Citation
Florida weekly

Material Information

Title:
Florida weekly
Place of Publication:
Palm Beach Gardens, Florida
Publisher:
Florida Media Group, LLC
Publication Date:
Frequency:
Weekly
regular
Language:
English
Physical Description:
1 online resource : ;

Subjects

Subjects / Keywords:
Periodicals -- Palm Beach Gardens (Fla.) ( lcsh )
Periodicals -- Palm Beach (Fla.) ( lcsh )
Genre:
newspaper ( marcgt )
newspaper ( sobekcm )
periodical ( marcgt )
Spatial Coverage:
United States -- Florida -- Palm Beach County -- Palm Beach

Notes

Dates or Sequential Designation:
Began with: Vol. 1, No. 1 (October 14-20, 2010)

Record Information

Source Institution:
University of Florida
Holding Location:
University of Florida
Rights Management:
Copyright, Florida Media Group, LLC. Permission granted to University of Florida to digitize and display this item for non-profit research and educational purposes. Any reuse of this item in excess of fair use or other copyright exemptions requires permission of the copyright holder.
Resource Identifier:
on10385 ( NOTIS )
1038532305 ( OCLC )
2018226750 ( LCCN )
on1038532305
Classification:
AN1.F6 P35 F56 ( lcc )

UFDC Membership

Aggregations:
Digital Military Collection

Downloads

This item is only available as the following downloads:


Full Text

PAGE 1

Boat show set to sail into West PalmBoat shows cruise into several Florida seaside cities every year and David Galante has sold boats at many of them. For the past five years, Mr. Galante, a yacht broker and COO of Miami-based G-Marine, has been an exhibitor at the Palm Beach Inter-national Boat Show on the waterfront in downtown West Palm Beach. Its a show he looks forward to each year. The West Palm Beach community does not come down to Miami for boat shows,Ž he said. We get very good leads there (the Palm Beach show). We find a good quality of buyer on the docks. You find yacht own-ers walking the dog looking for something new.Ž Boat sales may have slipped during the SEE BOAT, A8 X CHRISTOPHER HALLORAN / SHUTTERSTOCK TRUMP How media How media led the pack in led the pack in underestimating underestimating him. him. INSIDE: INSIDE: What they are saying. A10BY BILL CORNWELLbcornwell@” oridaweekly.com WHEN ASSESSING THE NEWS WHEN ASSESSING THE NEWS medias role in the 2016 presimedias role in the 2016 presidential election (and especially dential election (and especially when it comes to its coverage when it comes to its coverage of the improbof the improbable but undeable but undeniable Repubniable Republican frontlican frontrunner, Donrunner, Donald J. Trump), it requires no ald J. Trump), it requires no great stretch to conclude that great stretch to conclude that rarely have so many been so rarely have so many been so wrong, so consistently, about wrong, so consistently, about so much. so much. Scrutiny of the Republican Scrutiny of the Republican battle has, understandably, battle has, understandably, overshadowed the Democratic overshadowed the Democratic race between Hillary Clinton race between Hillary Clinton and Bernie Sanders. Delegateand Bernie Sanders. Delegateselection rules established by selection rules established by the Democratic National Comthe Democratic National Committee skew heavily in mittee skew heavily in Ms. Ms. SEE SEE TRUMP, A10 TRUMP, A10 X BY MARY THURWACHTERFlorida Weekly Correspondent RISINGELECTION ANALYSIS Vol. VI, No. 22  FREEWEEK OF MARCH 17-23, 2016www.FloridaWeekly.com OPINION A4PETS A6 BUSINESS A21BEHIND THE WHEEL A23 REAL ESTATE A27 KOVELS A30ARTS B1 COLLECTIBLES B2 CALENDAR B4-6PUZZLES B10FILM B11CUISINE B27 PRSRT STD U.S. POSTAGE PAID FORT MYERS, FL PERMIT NO. 715 Download our FREE App todayAvailable on the iTunes and Android App Store. INSIDE SocietyStyling at polo and other events. 12 pages inside XTop second bananaAnthony Laciura will appear with Palm Beach Opera. B1 XThe DishHeaded to the Old Key Lime House? Try the shrimp. B27 X Palm Beach Opera B1 X Seeing purpleA ride in the new Dodge Challenger R/T. A23 XSPECIAL TO FLORIDA WEEKLYThe Palm Beach International Boat Show will draw thousands to the city’s waterfront.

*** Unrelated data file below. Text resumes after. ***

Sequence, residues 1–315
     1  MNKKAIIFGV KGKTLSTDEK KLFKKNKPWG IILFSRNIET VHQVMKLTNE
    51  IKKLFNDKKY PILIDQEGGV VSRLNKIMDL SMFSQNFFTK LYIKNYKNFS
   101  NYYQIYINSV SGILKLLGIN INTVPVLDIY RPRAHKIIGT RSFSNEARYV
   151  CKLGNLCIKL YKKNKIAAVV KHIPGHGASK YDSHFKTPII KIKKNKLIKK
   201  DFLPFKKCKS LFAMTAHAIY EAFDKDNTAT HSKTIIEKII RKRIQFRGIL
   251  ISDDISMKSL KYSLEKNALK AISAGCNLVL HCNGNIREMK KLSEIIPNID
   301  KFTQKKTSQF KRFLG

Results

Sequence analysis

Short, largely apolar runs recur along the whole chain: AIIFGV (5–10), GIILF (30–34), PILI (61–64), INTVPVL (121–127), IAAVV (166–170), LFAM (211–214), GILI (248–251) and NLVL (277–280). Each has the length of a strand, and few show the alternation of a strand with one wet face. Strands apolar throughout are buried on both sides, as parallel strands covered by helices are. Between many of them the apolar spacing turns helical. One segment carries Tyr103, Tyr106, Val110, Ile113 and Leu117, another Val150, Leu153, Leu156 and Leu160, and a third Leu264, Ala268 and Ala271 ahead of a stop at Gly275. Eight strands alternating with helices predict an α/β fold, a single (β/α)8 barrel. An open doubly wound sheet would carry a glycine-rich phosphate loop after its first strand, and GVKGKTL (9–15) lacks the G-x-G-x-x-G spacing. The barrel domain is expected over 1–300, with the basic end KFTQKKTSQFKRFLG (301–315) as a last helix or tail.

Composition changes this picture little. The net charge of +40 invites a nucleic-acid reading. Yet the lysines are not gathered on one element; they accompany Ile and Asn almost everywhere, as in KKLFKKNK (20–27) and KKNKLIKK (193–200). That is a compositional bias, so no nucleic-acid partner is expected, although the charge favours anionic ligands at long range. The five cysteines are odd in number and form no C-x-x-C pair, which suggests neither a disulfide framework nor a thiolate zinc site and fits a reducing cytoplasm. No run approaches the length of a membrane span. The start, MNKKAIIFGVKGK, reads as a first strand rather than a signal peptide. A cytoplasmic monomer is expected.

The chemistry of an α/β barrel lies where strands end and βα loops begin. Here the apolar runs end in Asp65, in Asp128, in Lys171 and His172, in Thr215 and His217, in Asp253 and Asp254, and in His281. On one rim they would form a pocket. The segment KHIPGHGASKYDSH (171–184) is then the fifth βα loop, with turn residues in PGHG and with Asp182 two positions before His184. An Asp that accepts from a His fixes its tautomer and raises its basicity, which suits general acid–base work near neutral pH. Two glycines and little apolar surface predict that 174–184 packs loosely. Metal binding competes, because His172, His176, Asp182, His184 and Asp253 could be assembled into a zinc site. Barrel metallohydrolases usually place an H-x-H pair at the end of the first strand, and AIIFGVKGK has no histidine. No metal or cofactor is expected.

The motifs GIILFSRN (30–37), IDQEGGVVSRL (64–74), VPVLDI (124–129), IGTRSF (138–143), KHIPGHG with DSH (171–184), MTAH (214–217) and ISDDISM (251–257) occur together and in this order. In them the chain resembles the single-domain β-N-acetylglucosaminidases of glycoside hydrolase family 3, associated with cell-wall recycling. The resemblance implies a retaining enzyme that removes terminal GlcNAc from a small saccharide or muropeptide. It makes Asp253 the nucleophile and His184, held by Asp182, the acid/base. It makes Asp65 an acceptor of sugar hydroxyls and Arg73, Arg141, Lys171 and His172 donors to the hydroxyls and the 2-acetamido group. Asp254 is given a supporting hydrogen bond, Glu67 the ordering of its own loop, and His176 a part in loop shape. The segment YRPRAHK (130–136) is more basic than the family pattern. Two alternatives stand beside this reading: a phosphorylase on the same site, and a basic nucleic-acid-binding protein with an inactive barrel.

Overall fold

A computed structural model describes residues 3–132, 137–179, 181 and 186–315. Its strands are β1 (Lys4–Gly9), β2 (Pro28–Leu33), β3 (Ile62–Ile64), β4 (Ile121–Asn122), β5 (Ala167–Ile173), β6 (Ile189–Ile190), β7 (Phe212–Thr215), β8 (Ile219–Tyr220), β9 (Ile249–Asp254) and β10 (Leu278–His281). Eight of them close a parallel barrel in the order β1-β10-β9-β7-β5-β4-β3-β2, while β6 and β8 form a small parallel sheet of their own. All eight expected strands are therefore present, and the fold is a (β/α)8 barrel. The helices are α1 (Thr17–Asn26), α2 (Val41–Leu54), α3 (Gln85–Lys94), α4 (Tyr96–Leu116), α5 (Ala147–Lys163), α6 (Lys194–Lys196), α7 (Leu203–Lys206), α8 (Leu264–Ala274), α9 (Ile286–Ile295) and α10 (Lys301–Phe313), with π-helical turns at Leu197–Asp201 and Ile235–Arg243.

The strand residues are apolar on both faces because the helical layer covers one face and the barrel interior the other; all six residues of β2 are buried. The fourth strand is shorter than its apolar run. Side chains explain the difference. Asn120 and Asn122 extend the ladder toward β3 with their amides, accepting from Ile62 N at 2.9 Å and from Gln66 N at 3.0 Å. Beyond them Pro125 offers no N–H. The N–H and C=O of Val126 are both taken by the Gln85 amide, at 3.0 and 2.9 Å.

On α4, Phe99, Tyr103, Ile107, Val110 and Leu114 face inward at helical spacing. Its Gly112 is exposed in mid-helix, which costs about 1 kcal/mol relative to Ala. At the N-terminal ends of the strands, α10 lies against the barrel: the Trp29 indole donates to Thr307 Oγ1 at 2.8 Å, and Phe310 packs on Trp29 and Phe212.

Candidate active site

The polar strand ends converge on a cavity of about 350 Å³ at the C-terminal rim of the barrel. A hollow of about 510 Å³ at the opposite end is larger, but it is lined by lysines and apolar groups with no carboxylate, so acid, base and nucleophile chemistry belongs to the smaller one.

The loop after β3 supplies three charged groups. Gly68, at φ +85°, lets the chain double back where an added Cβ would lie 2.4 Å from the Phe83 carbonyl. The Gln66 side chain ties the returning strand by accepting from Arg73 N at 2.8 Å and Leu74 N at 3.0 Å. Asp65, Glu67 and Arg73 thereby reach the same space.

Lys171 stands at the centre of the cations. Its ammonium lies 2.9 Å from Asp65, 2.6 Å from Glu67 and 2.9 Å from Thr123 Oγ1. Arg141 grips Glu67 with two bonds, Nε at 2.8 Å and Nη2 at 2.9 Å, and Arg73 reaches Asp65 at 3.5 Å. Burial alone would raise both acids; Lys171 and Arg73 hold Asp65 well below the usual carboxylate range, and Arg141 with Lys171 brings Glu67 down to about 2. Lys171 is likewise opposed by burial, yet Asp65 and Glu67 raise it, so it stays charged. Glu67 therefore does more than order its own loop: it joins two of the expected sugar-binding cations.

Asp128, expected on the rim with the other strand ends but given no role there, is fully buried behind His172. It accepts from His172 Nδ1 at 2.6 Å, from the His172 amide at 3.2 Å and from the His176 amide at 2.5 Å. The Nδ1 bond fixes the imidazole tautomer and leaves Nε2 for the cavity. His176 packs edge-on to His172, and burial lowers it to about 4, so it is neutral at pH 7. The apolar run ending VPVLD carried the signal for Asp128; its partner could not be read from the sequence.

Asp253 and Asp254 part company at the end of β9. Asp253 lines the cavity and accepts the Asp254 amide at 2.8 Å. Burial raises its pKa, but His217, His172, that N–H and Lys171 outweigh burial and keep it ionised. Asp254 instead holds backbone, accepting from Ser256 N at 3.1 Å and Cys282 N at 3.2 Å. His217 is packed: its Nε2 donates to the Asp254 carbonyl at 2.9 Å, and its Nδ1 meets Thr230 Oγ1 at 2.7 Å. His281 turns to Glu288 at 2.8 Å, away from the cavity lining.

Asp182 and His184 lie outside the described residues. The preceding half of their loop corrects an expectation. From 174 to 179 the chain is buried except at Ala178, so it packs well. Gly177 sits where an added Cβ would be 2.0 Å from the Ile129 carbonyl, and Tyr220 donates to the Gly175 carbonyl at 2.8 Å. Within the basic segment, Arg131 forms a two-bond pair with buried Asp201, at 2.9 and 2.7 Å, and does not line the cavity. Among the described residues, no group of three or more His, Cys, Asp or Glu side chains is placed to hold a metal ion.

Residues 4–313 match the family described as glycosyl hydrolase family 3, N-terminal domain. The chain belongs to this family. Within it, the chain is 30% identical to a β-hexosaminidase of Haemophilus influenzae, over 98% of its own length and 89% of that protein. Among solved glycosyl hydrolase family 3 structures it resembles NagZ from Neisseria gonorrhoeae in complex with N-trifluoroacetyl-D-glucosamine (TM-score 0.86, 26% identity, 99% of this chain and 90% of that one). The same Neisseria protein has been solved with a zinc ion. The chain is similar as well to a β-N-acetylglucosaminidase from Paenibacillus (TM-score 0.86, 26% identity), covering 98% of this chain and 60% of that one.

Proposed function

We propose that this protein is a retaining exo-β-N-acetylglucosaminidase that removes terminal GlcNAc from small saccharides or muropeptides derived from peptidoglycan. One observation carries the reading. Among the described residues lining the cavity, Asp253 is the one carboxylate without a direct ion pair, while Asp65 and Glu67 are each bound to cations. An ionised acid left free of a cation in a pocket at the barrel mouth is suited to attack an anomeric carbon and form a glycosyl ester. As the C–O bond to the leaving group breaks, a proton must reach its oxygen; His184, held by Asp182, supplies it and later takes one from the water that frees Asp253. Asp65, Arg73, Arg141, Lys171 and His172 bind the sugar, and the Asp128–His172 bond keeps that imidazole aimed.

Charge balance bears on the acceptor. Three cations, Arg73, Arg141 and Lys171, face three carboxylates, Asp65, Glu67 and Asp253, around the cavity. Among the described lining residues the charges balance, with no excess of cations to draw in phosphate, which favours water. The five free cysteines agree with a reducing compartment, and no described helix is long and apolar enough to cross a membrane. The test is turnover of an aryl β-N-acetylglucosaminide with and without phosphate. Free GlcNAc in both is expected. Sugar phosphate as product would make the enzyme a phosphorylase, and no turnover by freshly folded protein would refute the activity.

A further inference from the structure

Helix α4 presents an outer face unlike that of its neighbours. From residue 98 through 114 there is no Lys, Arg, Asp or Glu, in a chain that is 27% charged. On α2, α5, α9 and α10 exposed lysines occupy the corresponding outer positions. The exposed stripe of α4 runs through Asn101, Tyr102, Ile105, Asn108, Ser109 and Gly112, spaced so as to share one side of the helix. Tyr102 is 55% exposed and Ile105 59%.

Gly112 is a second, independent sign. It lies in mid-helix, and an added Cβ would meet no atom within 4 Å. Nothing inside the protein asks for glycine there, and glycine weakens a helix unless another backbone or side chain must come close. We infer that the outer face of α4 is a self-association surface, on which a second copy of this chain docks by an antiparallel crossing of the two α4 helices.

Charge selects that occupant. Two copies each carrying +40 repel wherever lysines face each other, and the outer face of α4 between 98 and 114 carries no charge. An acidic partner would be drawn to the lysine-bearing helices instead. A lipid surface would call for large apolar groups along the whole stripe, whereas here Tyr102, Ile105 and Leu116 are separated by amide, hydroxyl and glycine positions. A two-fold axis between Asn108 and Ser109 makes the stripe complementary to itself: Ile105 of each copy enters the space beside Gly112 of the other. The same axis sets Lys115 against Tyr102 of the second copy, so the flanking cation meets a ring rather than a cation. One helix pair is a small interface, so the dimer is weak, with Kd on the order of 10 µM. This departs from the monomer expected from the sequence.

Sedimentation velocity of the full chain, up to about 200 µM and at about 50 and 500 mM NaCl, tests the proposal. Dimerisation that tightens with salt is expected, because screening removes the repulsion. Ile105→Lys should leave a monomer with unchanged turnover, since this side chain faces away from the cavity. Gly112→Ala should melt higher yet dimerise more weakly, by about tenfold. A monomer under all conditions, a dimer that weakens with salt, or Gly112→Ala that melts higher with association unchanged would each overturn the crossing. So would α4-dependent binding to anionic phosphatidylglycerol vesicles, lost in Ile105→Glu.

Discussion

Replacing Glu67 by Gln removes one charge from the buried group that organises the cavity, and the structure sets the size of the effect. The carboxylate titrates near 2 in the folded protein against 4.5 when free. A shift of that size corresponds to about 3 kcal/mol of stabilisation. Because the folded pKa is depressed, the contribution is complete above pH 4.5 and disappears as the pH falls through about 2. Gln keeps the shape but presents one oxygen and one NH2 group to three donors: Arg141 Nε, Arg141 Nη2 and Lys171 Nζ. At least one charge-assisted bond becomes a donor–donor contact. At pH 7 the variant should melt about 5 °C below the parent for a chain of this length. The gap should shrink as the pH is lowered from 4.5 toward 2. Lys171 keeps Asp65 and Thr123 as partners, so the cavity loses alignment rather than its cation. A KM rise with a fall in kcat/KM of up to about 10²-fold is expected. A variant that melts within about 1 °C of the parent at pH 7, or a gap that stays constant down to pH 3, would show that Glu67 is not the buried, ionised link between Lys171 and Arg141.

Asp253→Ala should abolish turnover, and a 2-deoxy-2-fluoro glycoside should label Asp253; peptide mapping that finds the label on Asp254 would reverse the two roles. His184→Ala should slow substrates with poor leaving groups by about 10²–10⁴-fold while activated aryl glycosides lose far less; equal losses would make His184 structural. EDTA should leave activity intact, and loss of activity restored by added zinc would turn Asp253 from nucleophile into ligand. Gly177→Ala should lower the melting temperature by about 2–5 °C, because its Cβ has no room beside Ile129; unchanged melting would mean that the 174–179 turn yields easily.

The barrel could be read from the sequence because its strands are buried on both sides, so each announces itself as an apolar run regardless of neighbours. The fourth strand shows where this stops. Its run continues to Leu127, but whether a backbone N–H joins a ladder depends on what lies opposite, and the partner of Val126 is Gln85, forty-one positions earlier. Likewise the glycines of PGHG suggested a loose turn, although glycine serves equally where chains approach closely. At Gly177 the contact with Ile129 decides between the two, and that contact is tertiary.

PAGE 2